Indeed, Duncan looked into many of the fraud claims himself. 

The recount itself found two discrepancies, both in Republican-run counties. In Fayette County, 2,700 uncounted ballots were discovered on a memory card, netting Trump around 400 votes. In Floyd County, 2,600 uncounted ballots netted him 800 votes. 

Other than that, Duncan deduces that election workers did not commit fraud, votes were not double-counted, computer magic wasn’t used to change votes, no secret suitcases of ballots appeared in the night, there was no water leak in Fulton County that damaged ballots and only four dead people voted — at least one of them for Trump. 

Yet, Trump continues to peddle these myths, and some Republicans continue to believe him. Duncan said he felt compelled to speak out because he couldn’t tell his children at home not to lie, and then stand up in public as the lieutenant governor of Georgia and do just that. 

“Right now, party leaders are peddling misinformation and telling people what they think people want to hear. Nobody’s hearing the truth and both the party and country are careening down a bad path,” writes Duncan. “Party leaders and the people need to hear the truth. Deep down, they know it. Only if we start being honest, respecting one another, and leveling with voters can the GOP improve, expand our tent, and stop winning or losing by inches and instead win by miles.”

The second part of Duncan’s book deals largely with his opinions on how the party can rid itself of Trump and Trumpism. 

“It was important for me to not just be a diary of events in the post-election debacle here in Georgia, but to lay the groundwork for better pathway forward for the Republican party,” Duncan told The Smoky Mountain News on Jan. 6. 

Duncan calls this his “PET project” — an acronym meaning Policy, Empathy and Tone. 

“We need to remind Americans that Republicans are really, really good at policy. By all metrics this is a center-right leaning country,” he said. “I think a majority of Americans trust a Republican to be in charge of growing the economy, keeping their neighborhoods safe and keeping our nation secure.”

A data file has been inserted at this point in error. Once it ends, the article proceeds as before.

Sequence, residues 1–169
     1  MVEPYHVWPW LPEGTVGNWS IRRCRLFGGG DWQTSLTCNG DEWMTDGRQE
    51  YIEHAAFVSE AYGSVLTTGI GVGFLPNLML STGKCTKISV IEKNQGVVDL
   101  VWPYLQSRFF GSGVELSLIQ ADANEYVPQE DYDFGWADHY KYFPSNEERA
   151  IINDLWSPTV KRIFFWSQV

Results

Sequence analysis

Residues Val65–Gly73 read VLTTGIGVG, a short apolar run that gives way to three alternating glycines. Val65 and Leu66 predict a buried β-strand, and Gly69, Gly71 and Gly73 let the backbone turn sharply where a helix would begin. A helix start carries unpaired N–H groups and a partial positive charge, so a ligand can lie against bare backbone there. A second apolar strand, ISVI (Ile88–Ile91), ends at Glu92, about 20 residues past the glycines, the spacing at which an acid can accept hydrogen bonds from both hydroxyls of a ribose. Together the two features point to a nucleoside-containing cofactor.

When the 2020 election took place, the stock market had cracked 30,000 points, three separate COVID-19 vaccines have been developed, three conservatives had joined the Supreme Court and more than 200 others had been appointed to the federal bench. Tax code and criminal justice overhauls had passed, ISIS had collapsed, four Arab countries recognized Israel and a new North American trade agreement was reached. Instead of concentrating on these victories, Trump derided Georgia’s election security and later told Republicans not to vote in the Jan. 5 Senate runoffs. 

“The ‘E’ is for empathy. Since I’ve campaigned statewide and won the job of lieutenant governor, I’ve learned that empathy really means a conversation at a kitchen table with a single mom with two kids and two jobs and asking her what are her biggest challenges every day,” said Duncan. “She’s gonna tell you whether you’re a Democrat or Republican that she wants safer streets for her kids and better schools for her kids and better opportunities. I selfishly believe that Republicans are really strong at being able to tackle those challenges.”

The final letter of the acronym doesn’t stand for “Trump,” but it might as well.